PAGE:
Jason Spezza retires to join Maple Leafs front office

·3-min read

Jason Spezza will indeed be back with the Toronto Maple Leafs — just in a far different role.

After 19 seasons, the veteran who served the mentorship role better than any other in this era of Maple Leafs hockey — and who showed an unparalleled and, in the end, heartbreaking desire to win — has announced his retirement. He will join the Maple Leafs front office effective immediately as a special assistant to general manager Kyle Dubas.

It's a bittersweet development in many ways, as Spezza leaves his playing career behind without accomplishing his primary goal, which was to win a Stanley Cup. He left money, opportunity, milestones and minutes on the table over the final three seasons of his career, but happily earned the veteran minimum in his preferred final chapter, which was to chase a championship with his hometown team.

Jason Spezza will join the Maple Leafs front office after announcing his retirement on Sunday. (Photo by Kevin Sousa/NHLI via Getty Images)
Jason Spezza will join the Maple Leafs front office after announcing his retirement on Sunday. (Photo by Kevin Sousa/NHLI via Getty Images)

Certainly that pursuit will continue in management, and he will find new ways to contribute to a winner, but Spezza will be best remembered for the burning desire he displayed on the ice and the heartbreak he experienced as the end drew near.

There were fantastic moments over the course of Spezza's career and three-year run with the Leafs, but there were also controversial runs from his time in Toronto. Cracks in the foundation between Dubas and Mike Babcock seemed to spread wider when the former head coach questioned Spezza's ability before scratching him on the opening night of the 2019-20 season. Spezza was also placed on waivers during the 2020-21 season and needed to threaten an immediate retirement should one of the other 30 teams (at the time) look to add him to their roster.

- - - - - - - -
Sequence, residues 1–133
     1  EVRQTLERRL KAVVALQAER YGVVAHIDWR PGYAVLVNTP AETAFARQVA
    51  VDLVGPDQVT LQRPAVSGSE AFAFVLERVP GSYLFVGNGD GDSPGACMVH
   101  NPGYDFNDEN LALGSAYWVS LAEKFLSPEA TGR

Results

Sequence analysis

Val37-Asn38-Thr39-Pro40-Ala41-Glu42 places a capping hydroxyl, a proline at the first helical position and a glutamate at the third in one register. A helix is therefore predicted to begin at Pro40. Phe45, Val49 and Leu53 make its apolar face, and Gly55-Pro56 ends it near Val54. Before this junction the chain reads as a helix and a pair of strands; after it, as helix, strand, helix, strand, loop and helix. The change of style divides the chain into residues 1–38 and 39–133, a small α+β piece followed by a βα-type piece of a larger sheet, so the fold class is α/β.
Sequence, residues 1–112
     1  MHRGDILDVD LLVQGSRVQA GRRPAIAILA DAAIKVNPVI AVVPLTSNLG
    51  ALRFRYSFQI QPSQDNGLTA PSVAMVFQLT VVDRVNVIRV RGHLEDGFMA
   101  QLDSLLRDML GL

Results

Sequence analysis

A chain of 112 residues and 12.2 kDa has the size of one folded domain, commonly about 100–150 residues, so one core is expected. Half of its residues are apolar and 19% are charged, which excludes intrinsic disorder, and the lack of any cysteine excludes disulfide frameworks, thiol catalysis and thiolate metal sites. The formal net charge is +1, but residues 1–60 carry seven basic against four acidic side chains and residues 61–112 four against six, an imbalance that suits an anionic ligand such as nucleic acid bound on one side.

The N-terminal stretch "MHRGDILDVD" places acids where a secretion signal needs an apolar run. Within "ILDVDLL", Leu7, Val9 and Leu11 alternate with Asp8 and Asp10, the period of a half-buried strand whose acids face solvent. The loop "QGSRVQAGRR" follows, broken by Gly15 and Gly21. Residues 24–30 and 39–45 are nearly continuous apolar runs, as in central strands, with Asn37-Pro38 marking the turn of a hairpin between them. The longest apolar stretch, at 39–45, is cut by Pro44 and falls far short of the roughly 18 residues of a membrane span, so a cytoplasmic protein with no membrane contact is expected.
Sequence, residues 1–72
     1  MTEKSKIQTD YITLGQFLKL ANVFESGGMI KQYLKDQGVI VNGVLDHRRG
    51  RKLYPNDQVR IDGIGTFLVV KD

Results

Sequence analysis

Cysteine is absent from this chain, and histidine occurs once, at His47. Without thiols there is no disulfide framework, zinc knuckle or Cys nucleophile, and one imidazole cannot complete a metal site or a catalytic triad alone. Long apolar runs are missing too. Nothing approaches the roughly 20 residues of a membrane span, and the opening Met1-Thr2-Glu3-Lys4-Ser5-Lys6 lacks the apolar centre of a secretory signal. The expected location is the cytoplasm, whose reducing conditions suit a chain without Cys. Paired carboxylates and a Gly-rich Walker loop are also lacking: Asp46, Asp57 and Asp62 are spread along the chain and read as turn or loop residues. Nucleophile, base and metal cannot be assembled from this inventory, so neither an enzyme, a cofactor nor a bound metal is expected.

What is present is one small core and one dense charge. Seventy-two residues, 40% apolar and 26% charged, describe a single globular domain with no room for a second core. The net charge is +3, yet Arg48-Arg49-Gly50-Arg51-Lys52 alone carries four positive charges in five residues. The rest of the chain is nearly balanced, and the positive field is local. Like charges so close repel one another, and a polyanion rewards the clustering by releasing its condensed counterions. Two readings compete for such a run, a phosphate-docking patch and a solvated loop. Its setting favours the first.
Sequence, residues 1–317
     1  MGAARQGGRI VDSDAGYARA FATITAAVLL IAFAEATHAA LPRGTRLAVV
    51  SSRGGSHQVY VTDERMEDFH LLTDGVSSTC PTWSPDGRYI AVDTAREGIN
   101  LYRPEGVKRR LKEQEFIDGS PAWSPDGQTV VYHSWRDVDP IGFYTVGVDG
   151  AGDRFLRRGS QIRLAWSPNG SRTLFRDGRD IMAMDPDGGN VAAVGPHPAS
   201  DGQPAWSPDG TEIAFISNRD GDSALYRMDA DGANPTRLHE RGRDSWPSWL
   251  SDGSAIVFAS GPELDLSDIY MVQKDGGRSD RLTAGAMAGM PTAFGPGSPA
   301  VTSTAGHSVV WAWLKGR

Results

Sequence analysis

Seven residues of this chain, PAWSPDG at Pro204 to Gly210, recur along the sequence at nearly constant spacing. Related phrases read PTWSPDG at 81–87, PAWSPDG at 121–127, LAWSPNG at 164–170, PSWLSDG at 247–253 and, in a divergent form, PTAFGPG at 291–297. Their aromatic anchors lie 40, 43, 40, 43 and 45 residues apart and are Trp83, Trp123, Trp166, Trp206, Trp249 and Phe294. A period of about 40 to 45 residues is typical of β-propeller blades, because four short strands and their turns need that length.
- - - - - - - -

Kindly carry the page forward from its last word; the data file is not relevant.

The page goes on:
But overall, Spezza had an immensely positive effect on the organization, and more specifically his teammates. What has seemed to hurt the players the most in their run of failures over the last few postseasons was their inability to win for the teammate they call "Vintage."

He did not wear a letter, but he was an unquestioned leader inside the room, speaking up in moments of need and assisting off the ice in other ways. Most notably, he led an initiative to pool money together for some of the minor-leaguers who weren't earning money during the pandemic.

He also delivered considerable value on his one-year deals, scoring 31 goals and 80 points in 183 games with the Maple Leafs. He always ranked high in CapFriendly's cost-per-point, scoring well beyond his value on the salary cap.

Spezza was around for longer, but appeared to have a far more impactful stay than other veterans brought in over the last few seasons to help Auston Matthews, Mitch Marner and William Nylander, among others, along in their development. And that influence clearly extends toward management, with Dubas eager to work alongside Spezza in the front office.

While Spezza is without management experience, having devoted the last 25 years obsessing over the game, and more specifically his sticks, his value to management is his familiarity with the core, the coaching staff and the team's strengths and flaws.

It's hard to imagine there's anyone more capable of filling Dubas's potential blind spots in his continued efforts to build a winner.

Spezza finishes his career five points shy of 1000, scoring 363 goals and picking up 632 assists in 1,248 games. He took the Ottawa Senators to the Stanley Cup Final in 2007, went to two all-star games and finished as high as sixth in Hart Trophy voting.

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